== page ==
added by jimroberts | editProspect, Richard Dawkins (May 24, 2012)
Sandwiched between his discussion of evolution and a concluding statement called “A New Enlightenment” is a series of chapters on language, culture, morality, religion and art. This section is intended to answer the “What are we?” question, but it is disappointing. Each chapter is only about a dozen pages and mainly summarizes the proposals of other scholars. While Wilson is never boring, there are few new insights here. The feeling you get recalls a remark once made by Roger Ebert about an artsy horror movie: there is foreboding and there is afterboding, but no actual boding.
added by rybie2 | editNew York Times, Paul Bloom (May 11, 2012)

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Amazon.com Product Description (ISBN 0871404133, Hardcover)

From the most celebrated heir to Darwin comes a groundbreaking book on evolution, the summa work of Edward O. Wilson's legendary career.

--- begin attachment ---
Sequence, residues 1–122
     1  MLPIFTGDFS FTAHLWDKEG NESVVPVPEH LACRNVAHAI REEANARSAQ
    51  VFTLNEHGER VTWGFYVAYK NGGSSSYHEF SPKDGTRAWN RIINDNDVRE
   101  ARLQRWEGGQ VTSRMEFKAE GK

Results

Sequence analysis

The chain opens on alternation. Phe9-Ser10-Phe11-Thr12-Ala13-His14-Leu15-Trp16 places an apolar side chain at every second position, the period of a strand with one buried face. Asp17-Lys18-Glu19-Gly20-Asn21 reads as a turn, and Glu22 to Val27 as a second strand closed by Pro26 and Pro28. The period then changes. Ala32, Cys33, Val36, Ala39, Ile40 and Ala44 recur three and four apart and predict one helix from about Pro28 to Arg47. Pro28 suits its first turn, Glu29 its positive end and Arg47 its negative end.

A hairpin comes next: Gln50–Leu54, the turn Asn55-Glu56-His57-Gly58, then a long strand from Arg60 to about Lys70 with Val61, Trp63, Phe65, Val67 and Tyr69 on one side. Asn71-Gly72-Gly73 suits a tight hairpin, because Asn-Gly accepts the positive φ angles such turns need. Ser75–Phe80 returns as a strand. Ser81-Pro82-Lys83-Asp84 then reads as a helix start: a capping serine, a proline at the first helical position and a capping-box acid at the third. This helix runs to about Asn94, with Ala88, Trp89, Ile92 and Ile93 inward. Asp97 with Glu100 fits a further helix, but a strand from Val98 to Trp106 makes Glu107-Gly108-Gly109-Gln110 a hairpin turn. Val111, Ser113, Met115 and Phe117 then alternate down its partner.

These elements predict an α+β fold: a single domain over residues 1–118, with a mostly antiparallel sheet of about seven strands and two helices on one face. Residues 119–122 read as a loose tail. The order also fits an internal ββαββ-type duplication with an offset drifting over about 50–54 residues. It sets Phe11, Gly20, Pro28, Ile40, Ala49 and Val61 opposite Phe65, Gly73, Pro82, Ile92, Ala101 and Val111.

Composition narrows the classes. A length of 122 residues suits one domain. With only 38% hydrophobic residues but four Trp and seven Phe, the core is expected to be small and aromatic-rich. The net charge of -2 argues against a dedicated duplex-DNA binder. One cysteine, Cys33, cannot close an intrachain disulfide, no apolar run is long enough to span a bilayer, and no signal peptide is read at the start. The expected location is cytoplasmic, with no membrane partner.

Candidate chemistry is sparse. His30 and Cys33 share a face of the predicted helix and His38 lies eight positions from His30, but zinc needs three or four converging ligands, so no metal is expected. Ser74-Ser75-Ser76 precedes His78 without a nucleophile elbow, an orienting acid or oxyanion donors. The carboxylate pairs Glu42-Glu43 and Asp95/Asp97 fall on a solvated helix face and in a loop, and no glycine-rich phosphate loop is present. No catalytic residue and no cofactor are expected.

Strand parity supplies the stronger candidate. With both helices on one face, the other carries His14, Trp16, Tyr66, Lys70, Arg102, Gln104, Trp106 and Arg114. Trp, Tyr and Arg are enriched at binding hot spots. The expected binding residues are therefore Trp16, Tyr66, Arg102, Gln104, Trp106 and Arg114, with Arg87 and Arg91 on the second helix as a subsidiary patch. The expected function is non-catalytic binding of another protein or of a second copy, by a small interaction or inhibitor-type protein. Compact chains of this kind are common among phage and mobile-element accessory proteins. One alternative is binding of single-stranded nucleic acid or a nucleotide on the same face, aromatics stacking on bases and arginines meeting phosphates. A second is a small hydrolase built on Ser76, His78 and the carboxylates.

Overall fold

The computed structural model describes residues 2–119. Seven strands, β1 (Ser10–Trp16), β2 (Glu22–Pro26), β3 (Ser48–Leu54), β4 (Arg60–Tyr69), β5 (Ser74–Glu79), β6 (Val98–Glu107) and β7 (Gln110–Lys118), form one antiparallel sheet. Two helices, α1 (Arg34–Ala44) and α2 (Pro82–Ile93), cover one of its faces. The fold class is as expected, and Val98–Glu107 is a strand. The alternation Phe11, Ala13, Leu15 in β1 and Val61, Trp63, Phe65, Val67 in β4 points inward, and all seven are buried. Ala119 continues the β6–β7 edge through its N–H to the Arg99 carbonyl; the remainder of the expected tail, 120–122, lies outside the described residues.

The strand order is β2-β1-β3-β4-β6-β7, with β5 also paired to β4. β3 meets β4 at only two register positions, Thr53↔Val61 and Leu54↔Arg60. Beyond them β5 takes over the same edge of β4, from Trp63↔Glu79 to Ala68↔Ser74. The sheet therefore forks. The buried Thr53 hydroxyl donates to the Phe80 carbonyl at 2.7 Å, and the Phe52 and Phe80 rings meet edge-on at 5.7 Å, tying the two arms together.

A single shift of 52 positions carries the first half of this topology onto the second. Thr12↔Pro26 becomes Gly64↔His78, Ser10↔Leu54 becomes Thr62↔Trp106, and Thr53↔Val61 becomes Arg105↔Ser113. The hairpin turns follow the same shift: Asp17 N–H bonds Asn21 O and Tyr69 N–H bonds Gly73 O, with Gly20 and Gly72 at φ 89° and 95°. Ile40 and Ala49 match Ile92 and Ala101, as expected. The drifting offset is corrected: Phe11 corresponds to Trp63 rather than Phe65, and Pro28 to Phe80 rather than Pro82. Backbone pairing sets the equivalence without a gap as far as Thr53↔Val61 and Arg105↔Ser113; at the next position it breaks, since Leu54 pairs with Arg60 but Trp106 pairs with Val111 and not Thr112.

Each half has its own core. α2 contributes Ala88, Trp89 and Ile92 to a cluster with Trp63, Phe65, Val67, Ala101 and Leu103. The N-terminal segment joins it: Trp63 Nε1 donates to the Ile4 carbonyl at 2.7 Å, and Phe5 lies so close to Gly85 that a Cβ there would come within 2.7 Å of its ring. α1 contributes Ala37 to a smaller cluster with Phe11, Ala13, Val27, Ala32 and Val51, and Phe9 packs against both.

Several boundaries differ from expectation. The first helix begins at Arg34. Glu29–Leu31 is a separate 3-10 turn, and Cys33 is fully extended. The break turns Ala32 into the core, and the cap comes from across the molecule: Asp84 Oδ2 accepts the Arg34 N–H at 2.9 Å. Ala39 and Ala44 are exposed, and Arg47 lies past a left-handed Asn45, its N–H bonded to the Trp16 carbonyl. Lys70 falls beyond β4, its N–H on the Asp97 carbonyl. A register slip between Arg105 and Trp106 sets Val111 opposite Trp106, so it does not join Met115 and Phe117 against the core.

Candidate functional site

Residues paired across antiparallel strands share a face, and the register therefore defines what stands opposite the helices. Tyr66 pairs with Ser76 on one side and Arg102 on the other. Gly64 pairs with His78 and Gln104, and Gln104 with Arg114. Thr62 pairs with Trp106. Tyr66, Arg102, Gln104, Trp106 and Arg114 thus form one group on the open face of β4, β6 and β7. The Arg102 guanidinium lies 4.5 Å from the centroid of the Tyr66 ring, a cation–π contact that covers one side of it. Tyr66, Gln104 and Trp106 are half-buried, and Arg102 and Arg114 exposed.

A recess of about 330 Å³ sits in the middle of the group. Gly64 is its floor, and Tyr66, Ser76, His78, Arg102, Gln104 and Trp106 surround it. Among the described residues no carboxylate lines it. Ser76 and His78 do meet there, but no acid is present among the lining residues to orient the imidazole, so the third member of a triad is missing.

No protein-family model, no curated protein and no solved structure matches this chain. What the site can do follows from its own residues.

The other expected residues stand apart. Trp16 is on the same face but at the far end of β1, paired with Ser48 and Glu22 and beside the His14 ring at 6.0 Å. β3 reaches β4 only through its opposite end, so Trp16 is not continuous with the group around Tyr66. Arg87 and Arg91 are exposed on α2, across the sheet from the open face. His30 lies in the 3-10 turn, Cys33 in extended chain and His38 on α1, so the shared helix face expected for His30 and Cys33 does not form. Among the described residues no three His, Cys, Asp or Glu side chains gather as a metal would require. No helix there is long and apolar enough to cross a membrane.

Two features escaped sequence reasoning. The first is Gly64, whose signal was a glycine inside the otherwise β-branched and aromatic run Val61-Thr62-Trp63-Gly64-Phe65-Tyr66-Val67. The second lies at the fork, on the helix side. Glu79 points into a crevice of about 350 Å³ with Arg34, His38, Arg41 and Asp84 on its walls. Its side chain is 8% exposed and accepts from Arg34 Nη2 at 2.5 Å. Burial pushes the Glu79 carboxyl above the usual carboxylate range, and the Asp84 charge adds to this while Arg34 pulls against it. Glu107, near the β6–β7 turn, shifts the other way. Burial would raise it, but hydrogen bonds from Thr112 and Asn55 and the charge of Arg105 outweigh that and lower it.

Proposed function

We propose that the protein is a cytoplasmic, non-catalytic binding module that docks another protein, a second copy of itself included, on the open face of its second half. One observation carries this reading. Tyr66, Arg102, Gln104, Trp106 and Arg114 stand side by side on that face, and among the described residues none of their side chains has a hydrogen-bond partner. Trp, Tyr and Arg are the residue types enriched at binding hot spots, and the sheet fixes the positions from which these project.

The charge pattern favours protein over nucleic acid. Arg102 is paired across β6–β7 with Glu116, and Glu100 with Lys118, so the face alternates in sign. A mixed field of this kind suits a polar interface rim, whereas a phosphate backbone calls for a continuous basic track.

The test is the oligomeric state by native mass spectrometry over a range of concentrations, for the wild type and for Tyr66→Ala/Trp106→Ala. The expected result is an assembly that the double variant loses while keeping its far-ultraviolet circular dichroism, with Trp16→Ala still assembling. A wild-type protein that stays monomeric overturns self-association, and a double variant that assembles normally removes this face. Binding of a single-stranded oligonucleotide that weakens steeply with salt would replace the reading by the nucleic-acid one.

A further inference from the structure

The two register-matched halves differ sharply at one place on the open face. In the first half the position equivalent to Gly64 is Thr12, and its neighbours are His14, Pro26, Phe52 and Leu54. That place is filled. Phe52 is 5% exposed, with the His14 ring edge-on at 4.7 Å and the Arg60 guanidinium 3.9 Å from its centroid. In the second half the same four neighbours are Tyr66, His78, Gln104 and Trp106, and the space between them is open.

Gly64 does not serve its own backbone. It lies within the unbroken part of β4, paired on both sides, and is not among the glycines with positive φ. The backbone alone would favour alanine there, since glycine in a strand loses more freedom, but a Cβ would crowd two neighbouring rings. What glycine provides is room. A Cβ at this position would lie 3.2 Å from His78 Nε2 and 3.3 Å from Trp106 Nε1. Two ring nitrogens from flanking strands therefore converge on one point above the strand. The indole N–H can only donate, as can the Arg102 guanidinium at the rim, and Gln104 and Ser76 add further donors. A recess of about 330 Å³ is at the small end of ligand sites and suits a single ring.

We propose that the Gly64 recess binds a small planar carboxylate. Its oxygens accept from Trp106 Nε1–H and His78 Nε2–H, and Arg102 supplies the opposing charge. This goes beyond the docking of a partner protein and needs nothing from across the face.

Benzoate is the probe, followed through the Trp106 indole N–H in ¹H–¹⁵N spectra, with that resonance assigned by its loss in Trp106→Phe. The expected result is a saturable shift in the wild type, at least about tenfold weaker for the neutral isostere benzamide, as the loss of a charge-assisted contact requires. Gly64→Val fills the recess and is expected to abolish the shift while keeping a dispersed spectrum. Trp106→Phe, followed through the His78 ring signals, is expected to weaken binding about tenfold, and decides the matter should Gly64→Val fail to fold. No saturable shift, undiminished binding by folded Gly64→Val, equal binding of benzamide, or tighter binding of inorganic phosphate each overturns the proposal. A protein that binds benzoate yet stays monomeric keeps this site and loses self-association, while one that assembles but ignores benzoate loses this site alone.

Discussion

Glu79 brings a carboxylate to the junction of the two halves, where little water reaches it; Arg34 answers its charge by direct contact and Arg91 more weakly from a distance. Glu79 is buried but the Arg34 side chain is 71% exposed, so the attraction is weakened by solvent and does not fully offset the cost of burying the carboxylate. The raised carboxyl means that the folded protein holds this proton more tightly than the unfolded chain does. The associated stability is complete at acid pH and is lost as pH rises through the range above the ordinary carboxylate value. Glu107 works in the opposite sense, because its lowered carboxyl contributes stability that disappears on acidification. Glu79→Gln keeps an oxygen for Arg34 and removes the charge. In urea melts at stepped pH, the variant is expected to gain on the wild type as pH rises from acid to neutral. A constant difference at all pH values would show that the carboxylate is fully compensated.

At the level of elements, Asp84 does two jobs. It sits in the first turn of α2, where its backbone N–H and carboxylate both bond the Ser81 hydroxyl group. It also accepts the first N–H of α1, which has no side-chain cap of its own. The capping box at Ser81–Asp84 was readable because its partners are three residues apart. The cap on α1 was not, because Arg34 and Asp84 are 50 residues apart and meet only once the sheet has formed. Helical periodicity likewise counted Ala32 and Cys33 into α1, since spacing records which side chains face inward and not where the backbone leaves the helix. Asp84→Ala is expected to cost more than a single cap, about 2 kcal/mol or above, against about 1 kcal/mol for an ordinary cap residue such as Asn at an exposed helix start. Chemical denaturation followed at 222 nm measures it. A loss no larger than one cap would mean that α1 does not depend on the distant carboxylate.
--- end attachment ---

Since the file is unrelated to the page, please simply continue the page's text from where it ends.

Where did we come from? What are we? Where are we going? In a generational work of clarity and passion, one of our greatest living scientists directly addresses these three fundamental questions of religion, philosophy, and science while “overturning the famous theory that evolution naturally encourages creatures to put family first” (Discover magazine). Refashioning the story of human evolution in a work that is certain to generate headlines, Wilson draws on his remarkable knowledge of biology and social behavior to show that group selection, not kin selection, is the primary driving force of human evolution. He proves that history makes no sense without prehistory, and prehistory makes no sense without biology. Demonstrating that the sources of morality, religion, and the creative arts are fundamentally biological in nature, Wilson presents us with the clearest explanation ever produced as to the origin of the human condition and why it resulted in our domination of the Earth’s biosphere. 90 illustrations